Secret Warriors #1

A comic review article by: Dan Hill, Dave Wallace

Dan Hill 

Plot: "Secret Invasion" has passed and Norman Osborn has ascended and now wields absolute power in the Marvel Universe. In these dark times trust is scarce. With this in mind Nick Fury assembles a unit accountable to no one but him. They are the Secret Warriors. 

Review: Well, here it is. After a breathtaking debut with The Nightly News, and a handful of great sophomore efforts such as Transhuman and Pax Romana, comes Jonathan Hickman's debut in the Marvel Universe.

Recently, Marvel have made a habit of teaming experienced writers with up and comers, fresh from the indie scene: Brubaker and Fraction on Immortal Iron Fist, Remender and Fraction on Punisher: War Journal and so on. It seems they've done the same here, teaming up Bendis with Hickman. Bendis has been highly vocal about his love for Hickman's work (and rightly so, go and seek out The Nightly News) and one gets the impression he played a large part in getting Hickman over to Marvel in the first place. Ever since Checkmate debuted over at DC, I've had a yearning for a similar espionage style book set in the Marvel Universe. Secret Warriors is that book, and then some.

A lot of people are going to be coming to this book on the back of Hickman's buzz and may not have prior knowledge of Secret Invasion and the fallout from that event. Hickman starts the story wisely with a character moment between Quake and Hellfire, which subtly reveals both of the characters' thoughts and feelings about being recruited by Fury into this new unit. Then before we know it, we're whisked off into an action packed fight between the Secret Warriors, Hydra and the brand new S.H.I.E.L.D replacement, H.A.M.M.E.R.

I was a big fan of Stefano Caselli's work on Avengers: The Initiative, and I'm pleased to see him getting even more work at Marvel. The aforementioned three-way battle is beautifully rendered (combining well with Daniele Rudoni's colours). It's like a vibrant, hyper kinetic version of the Steranko Fury comics of old.

After the action comes another great character moment as we get our first real glimpse at the dynamic between the team and their mentor, Nick Fury himself. The impression that Fury has been schooling these kids for months really comes across. Some respect him, others have a rebellious streak, and then there's Phobos (I won't spoil that scene). Again, Hickman alternates the scenes nicely following all this with another great action set piece (one which shows that Fury hasn't lost his touch) before culminating it all in a great twist worthy of a certain espionage show (you'll get what I mean when you read it).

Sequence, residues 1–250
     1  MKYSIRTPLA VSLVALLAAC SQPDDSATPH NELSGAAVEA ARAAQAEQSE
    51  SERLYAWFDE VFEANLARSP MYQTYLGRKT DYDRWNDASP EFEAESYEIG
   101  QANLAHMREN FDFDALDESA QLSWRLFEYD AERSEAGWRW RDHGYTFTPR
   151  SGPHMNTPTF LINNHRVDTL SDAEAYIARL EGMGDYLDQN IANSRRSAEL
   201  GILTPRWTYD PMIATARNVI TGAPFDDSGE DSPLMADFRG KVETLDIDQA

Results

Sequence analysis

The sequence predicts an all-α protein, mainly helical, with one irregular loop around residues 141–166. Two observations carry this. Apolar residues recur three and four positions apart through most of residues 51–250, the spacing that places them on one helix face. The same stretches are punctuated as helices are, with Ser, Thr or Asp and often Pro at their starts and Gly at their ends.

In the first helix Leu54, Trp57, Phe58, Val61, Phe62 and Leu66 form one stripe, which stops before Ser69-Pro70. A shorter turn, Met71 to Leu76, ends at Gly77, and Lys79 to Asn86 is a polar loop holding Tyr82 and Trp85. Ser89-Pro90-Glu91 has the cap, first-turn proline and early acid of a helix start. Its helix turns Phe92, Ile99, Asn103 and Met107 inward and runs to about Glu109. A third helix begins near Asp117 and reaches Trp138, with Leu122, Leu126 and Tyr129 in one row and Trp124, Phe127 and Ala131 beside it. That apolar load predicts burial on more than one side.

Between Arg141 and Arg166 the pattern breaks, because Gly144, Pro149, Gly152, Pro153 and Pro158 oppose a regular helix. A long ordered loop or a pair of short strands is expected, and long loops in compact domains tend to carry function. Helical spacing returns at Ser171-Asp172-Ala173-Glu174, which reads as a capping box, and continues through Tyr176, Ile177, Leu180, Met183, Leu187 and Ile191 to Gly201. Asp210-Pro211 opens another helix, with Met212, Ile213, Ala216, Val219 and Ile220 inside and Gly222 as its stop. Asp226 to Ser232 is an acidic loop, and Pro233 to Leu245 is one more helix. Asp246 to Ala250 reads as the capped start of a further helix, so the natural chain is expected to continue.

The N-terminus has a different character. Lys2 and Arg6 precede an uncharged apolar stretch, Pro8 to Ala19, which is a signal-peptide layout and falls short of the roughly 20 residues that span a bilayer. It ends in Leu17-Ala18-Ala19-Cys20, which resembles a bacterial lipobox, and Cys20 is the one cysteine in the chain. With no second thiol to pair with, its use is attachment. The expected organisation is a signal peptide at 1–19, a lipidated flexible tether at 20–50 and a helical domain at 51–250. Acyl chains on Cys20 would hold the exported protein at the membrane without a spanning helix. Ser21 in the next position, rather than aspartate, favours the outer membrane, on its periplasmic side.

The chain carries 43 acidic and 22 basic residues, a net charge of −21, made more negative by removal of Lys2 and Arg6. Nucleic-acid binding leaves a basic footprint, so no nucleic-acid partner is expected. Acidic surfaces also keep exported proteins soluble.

Once you’ve read the story though, the book is far from finished. One of the great things about Hickman's work is the fact that he incorporates so many elements of his graphic design background into the narrative. Here it's displayed as back matter. I'm such a sucker for this kind of stuff so I was in heaven. Your mileage may vary though. What we get in the back of the issue are some great looking diagrams detailing Hydra hierarchy, details of some of their front organisations, geographical locations of secret bases, details of the "Caterpillar files" used to find the various members of the "Secret Warriors" (and maybe some hints at future team members?), characters journals, etc. As I stated, I have such a nerd-on for things of this nature, Marvel Handbooks and the like, so I adored this back matter.

If you're a fan of Hickman's previous work, you'll feel right at home here, with the added bonus of seeing his impressive design work being used within the Marvel Universe. You can clearly see why Bendis thought Hickman would feel right at home in the Marvel U., and more specifically on this book. Hickman clearly has thought A LOT about the background and the world these characters inhabit and it really does shine through here, as does a real enthusiasm.

All in all, this is a great start for Hickman in the mainstream with a great hint of what's to come and what he's capable of, given the opportunity. 

Final Word: A great Marvel debut for one of the best writers to come out of comics in recent years which marries Hickman's design sensibilities with a rip roaring spy tale. 






Dave Wallace: 

I'll start this review with a statement that may risk the disapproval of comics fandom: I'm not a huge fan of Jonathan Hickman. I read his Nightly News series in its entirety, and although it dealt with some interesting ideas, I didn't think that it managed to tell its story in a particularly compelling manner. Equally, the first issue of Pax Romana (the only issue of that series that I read) didn't inspire me. A big part of the problem is one of Hickman's most obvious stylistic tics: the insertion of large chunks of text into the body of the story, whether as sidebars or as extended captions. Whilst some readers may see this as evidence that the books were more thoughtful or intelligent than your average comicbook, these huge boxes of text completely interrupted the flow of the books for me, making the pacing feel choppy and the storytelling inelegant.